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To the Editor: Brian Cope's column "A vote for Nader won't be wasted" (The Daily Pennsylvanian, 10/24/00) misses the point. No one argues that Ralph Nader is not a well-qualified and intelligent candidate. The Green Party candidate was educated at Columbia and Harvard, served in the U.S. Army and is America's greatest consumer advocate. What Cope fails to realize is that not only will Ralph Nader lose this election, but in voting for him, you are voting for George W. Bush -- a candidate who fails to share Nader's passion for a woman's right to choose, a cleaner environment and campaign finance reform. It is naive to believe Ralph Nader's claim that the two parties are identical. Bush does not believe in a woman's right to choose. Bush wants to spend the bulk of the federal surplus on tax cuts for the wealthiest 1 percent of the population. Bush does not support the McCain-Feingold bill. And Bush is the governor of the most polluted state in the union. Cope also argues that if George Bush is elected president, only conservative justices will step down from the Supreme Court. Seeing that two liberal justices are currently suffering from cancer, I fail to see his logic. There is a way to help both Nader and Gore. "If Nader just pulls 5 percent of the popular vote," Cope writes, he will gain "financing and a chance to debate." Nader should focus his efforts in states like California and New York that Gore will handily carry. But in swing states, Nader proponents should know that in depriving Gore of their vote, they will be taking a step back from the progress for which Nader has fought so hard.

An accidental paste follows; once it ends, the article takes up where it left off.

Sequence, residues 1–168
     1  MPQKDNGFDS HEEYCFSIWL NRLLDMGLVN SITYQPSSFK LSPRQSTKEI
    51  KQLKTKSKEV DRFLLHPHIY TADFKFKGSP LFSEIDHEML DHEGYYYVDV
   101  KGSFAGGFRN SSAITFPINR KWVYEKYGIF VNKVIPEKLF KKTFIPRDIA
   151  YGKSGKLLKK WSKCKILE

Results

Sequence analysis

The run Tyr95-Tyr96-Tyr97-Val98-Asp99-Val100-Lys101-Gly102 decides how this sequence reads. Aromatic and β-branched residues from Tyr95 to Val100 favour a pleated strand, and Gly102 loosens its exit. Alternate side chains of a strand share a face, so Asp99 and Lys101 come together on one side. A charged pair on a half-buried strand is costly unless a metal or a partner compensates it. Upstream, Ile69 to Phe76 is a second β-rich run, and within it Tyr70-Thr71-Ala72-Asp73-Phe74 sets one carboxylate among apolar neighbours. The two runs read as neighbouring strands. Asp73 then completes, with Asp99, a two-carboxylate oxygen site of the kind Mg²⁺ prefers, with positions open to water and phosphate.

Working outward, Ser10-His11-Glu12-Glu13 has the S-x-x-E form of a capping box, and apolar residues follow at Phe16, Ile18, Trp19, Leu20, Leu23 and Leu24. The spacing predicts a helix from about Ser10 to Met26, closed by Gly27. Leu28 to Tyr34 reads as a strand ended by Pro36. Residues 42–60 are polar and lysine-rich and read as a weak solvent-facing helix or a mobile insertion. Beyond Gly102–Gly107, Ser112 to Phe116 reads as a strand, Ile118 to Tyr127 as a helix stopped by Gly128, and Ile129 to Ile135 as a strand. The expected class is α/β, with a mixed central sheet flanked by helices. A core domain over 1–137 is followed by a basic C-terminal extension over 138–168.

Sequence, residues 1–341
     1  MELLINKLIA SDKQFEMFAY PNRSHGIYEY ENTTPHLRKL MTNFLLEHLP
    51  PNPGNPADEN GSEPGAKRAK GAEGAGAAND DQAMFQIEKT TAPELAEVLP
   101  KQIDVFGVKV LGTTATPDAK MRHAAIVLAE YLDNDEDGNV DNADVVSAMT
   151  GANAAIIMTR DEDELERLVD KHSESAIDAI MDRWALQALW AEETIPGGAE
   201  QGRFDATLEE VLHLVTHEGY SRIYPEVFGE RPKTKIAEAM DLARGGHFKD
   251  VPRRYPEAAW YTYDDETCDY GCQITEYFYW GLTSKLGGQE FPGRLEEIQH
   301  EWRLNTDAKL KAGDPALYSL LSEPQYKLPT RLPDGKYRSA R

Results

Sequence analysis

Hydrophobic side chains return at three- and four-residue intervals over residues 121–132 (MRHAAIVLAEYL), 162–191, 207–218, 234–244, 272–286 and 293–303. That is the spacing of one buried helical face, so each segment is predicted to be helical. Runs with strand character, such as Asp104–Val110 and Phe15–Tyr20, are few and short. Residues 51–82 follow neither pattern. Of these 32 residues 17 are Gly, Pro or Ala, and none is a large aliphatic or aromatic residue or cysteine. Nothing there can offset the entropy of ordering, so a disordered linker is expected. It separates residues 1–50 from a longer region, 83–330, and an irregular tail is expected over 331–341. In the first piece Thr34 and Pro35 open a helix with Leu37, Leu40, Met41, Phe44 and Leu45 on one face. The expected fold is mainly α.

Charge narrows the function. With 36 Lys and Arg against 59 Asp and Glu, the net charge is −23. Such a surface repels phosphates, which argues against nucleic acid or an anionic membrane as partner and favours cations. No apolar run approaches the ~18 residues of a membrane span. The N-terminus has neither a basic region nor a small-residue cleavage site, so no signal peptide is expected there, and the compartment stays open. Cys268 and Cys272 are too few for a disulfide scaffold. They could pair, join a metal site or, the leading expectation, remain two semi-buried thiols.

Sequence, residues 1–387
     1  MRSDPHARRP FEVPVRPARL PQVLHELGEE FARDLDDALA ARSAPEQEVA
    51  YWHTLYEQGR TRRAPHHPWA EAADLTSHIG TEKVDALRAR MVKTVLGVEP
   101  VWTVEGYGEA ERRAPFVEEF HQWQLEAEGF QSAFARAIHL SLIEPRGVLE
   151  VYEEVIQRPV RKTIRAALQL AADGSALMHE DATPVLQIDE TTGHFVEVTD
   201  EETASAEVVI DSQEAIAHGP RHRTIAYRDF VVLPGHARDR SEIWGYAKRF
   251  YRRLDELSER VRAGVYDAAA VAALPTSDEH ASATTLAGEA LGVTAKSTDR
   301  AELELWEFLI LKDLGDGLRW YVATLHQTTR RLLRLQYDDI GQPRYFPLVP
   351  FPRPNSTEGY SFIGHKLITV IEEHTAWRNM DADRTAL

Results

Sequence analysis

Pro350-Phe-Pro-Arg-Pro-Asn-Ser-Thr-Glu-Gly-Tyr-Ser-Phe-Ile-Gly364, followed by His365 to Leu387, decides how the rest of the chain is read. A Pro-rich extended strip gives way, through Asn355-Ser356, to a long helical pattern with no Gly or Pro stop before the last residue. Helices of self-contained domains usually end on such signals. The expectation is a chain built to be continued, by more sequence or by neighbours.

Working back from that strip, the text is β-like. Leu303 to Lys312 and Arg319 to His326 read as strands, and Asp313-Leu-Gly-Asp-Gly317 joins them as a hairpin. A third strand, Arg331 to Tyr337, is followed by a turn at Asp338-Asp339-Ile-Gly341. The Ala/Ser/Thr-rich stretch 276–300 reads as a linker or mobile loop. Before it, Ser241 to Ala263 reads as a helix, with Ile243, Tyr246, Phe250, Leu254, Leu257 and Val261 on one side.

Michael Bassik College '01

The writer is co-chairman of Penn for Gore and statewide coordinator of Students for Gore.

The virtues of fine cinema

To the Editor: Concerning your article "Video Library to extend hours, increase selection," (DP, 10/20/00) I would like to comment on the University's absurd dissatisfaction with the 4040 Locust Street establishment. To say that one of the problems with the Video Library is its small selection is to express a lack of knowledge about the art and history of film. And to favor an establishment like Blockbuster demonstrates the University favor of commercialism over culture and art. Not only does the Video Library not have a small selection, it has the most impressive collection of movies I have ever encountered. When I say movie, I do not mean the standard Hollywood crap that is force-fed to movie-going audiences every day, but a work of film that respects for its viewer's intelligence. The Video Library has an astounding collection of films from such diverse countries as England, Yugoslavia, Colombia and the Czech Republic. It has a magnificent selection of independent films as well as contemporary and classic American studio films. While I praise the University for acting on the wishes of students to expand the Video Library's hours, I urge both the University's students and its staff to re-evaluate the Video Library's selection and fully appreciate this outstanding and immensely rich resource.

Gabriel Jinich Engineering '03

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